In this strategic dialogue, Michael Bérubé and David Gibbs reply to each other’s initial essays on the legacy of the NATO intervention in Libya. You can read Berube’s initial essay here and Gibbs’ essay here.
The most striking feature of Michael Bérubé’s recent Foreign Policy In Focus article is his assumption that Western leaders can be trusted to use violence responsibly. This assumption suffuses the whole essay. Accordingly, he concludes that the Libyan people will control their own future, without foreign influence:
[O]ne thing seems certain for now – the immediate future of Libya will be determined overwhelmingly by the Libyan people themselves. Critics of NATO’s intervention in Libya should explain whether this outcome is unacceptable to them, and if so, why.
There is an implication that the NATO states will refrain from abusing their power by meddling in Libyan politics, which will be left to the Libyan people. Bérubé seems quite sure of all this.
Under scrutiny, however, Bérubé’s assumption appears dubious. If one surveys the history of international relations, great powers have regularly meddled in the internal politics of other countries, in order to obtain strategic or economic benefits. It is only common sense that they would seek such benefits, and there is no reason to assume Libya will be any exception to this basic trend. Indeed, Libya’s vast oil reserves, which are the ninth largest in the world, would constitute a rich prize for the Western states, and for private interests within those states.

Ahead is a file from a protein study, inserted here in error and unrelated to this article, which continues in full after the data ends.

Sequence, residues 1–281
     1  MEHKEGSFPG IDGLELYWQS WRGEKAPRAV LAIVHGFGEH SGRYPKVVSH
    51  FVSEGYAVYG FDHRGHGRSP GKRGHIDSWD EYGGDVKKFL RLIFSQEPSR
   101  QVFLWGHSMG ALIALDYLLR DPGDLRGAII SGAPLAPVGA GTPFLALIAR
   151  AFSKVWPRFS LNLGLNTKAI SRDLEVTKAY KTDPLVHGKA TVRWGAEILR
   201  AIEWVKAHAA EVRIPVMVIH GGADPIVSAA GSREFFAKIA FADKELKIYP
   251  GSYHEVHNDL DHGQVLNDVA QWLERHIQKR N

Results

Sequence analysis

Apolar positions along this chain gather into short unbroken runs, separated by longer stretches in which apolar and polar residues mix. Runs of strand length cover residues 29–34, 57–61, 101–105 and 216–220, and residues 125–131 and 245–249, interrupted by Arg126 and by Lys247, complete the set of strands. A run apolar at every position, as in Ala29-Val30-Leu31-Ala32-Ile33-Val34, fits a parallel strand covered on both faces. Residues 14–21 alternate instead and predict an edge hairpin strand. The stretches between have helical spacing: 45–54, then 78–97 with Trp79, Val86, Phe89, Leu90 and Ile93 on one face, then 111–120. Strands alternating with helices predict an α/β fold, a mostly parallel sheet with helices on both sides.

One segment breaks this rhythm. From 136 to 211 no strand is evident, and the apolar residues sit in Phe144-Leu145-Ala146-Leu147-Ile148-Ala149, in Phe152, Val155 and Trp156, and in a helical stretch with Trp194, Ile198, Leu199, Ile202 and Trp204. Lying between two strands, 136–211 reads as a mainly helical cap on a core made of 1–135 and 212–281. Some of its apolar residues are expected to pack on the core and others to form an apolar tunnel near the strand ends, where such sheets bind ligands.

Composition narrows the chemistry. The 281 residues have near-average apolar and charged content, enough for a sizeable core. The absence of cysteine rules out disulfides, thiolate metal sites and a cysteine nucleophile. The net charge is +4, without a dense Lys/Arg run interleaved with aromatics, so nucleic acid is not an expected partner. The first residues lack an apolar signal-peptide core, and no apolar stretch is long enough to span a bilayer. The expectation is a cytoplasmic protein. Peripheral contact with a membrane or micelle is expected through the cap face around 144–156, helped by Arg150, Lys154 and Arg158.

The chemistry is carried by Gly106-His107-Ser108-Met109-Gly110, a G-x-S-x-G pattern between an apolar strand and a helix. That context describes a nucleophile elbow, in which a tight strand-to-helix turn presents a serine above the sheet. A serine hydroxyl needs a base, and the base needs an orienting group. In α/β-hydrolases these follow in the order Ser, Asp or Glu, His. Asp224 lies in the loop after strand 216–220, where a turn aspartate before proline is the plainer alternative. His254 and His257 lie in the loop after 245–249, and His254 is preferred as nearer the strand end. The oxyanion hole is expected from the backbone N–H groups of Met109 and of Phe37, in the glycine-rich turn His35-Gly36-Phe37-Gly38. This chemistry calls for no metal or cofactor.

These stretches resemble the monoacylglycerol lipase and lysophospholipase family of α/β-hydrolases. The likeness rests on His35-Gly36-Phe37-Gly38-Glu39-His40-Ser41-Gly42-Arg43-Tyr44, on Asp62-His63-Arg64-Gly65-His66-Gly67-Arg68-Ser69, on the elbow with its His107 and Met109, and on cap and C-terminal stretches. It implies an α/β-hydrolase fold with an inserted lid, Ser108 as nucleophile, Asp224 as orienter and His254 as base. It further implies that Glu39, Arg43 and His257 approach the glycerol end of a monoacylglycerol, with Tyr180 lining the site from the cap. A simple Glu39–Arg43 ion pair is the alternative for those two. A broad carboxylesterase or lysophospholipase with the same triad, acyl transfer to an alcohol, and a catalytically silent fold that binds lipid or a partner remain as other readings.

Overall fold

In surveying past interventions in Vietnam, Chile, Congo, Italy, Haiti, Iraq, Iran, or numerous other targets, we see that the United States has a long history of meddling, for self-interested reasons, and then lying to the public about it. Indeed, the CIA and the National Endowment for Democracy were largely created for the purpose of meddling. France and Britain too have extensive histories of intervention, with unpleasant results. One senses that Bérubé would like to flush this history down the proverbial memory hole, along with other inconvenient facts; including the Western intimacy with the Gaddafi dictatorship, which endured up until the revolts against him, beginning less than one year ago.